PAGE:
Family of man who died at work say 'pain will never go away'

The heartbroken family of a young dad killed in a horrific accident at a dangerous recycling plant today said the pain of his loss “would never go away”. Dale McClelland, aged 23, was crushed to death in a compactor amid a string of major health and safety failings by his employers, a court heard. His fiancee Cody paid tribute after H&A Recycling of Redruth was sentenced for corporate manslaughter three years after the tragedy.

A judge at Plymouth Crown Court said that some of the practices at the plant in November 2017 would not have been tolerated by Victorian factory owners. Mr McClelland was killed when a colleague switched on the machine not knowing he was inside, a court heard. He had got inside the compacting and baling machine at the Cardrew Industrial Estate to remove a blockage while the new untrained recruit operated the controls.

Colleagues only realised Mr McClelland was inside when they called his mobile phone and heard it ringing. A statement released by the family said: “Dale was an amazing son, dad, brother, fiance, uncle, grandson, nephew, godfather, cousin and friend.

Dale McClelland, who died in a tragic baling accident at work

You can stay up-to-date on the top news near you with CornwallLive’s FREE newsletters – find out more about our range of daily and weekly bulletins and sign up here or enter your email address at the top of the page. “He was kind-hearted and would go out of his way for anyone he met.

He had a heart of gold and was always the life and soul of the party.” The couple had just moved into a new home and celebrated the first birthday of their daughter Sophia-Grace when the accident happened. The statement issued through the police went on: “Dale was a very family-orientated man and he will be forever missed and always loved by all of his family and friends.

It is a pain in our hearts that will never go away. “As a family, we hope this horrendous situation makes other companies step up and make sure that their health and safety is at the highest standard it can be.” The company, which has since sold the recycling unit where the accident happened, also admitted a string of breaches of health and safety rules.

It was fined GBP200,000 and ordered to pay the costs of GBP45,691 costs to prosecutors the Health and Safety Executive. High Court Judge Mr Justice Neil Garnham told the family that nothing he could do or say would ease their suffering. The amount of the fine reflects the size of the company, which made only GBP25,000 profit last year.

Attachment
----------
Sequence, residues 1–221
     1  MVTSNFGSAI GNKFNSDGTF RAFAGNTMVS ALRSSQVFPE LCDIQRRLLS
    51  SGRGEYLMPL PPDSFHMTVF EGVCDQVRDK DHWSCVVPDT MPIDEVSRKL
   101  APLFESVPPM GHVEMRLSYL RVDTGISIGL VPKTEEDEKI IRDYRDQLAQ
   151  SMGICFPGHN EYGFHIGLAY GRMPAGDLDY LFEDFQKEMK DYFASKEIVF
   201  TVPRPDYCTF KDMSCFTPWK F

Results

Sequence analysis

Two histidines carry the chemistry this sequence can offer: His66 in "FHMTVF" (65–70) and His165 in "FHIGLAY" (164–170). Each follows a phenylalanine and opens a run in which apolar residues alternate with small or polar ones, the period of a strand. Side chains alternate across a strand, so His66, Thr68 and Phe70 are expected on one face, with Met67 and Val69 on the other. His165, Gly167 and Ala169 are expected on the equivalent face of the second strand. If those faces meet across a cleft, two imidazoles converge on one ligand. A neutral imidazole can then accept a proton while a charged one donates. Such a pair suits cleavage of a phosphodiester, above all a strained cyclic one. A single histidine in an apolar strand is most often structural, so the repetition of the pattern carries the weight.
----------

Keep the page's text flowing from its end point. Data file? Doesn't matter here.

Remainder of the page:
Family of man who died at work say 'pain will never go away'Cody McClelland (centre) pays tribute to her late fiance Dale McClelland surrounded by members of his family

The judge did not award compensation, but said a claim could be pursued through the civil costs.

Cody McClelland, who was due to marry Dale last year, told the BBC outside court: “No amount of money is going to bring Dale back. No amount of money is going to justify the actions of H&A, so I don’t think any of us are going to be happy at the outcome because we have not Dale at home with us. “He was the glue that held us all together to be honest, I can’t say anyone had a bad word to say about him because he just laughed about everything.”

HSE inspectors Simon Jones said that the health and safety breaches were some of the worst he had seen in 20 years of visiting work places. The bailing machine with its compactor chamber to compress waste was not fitted with a locking device which could disable it if someone went inside, the court heard. The guard rails were inadequate and unsupervised and untrained workers regularly climbed into and on to the machine to remove blockages.

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Across the plant, CCTV showed an employee driving a fork lift truck to get a wheel spin and others riding down chutes into piles of rubbish.

Two employees were seem fighting and one worker hid in rubbish going on a conveyor belt and leapt up to surprise his colleagues, the court heard. Fourteen people worked at the Materials Recovery Facility, the section of the business which separated and bailed up materials for collection or disposal. It has since been sold.

Directors Allan Holmes and Geoffrey Alway, who worked in an office across the road, said through their barrister that they were “shocked and appalled” by what was going on.

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The bosses, who were in court, said they had entrusted the day-to-day running of the facility to managers.

Justice Garnham said he recognised the “genuine remorse” the men had felt.

The company had no previous health and safety breaches on its record, co-operated with the investigation and pleaded guilty at the first opportunity.

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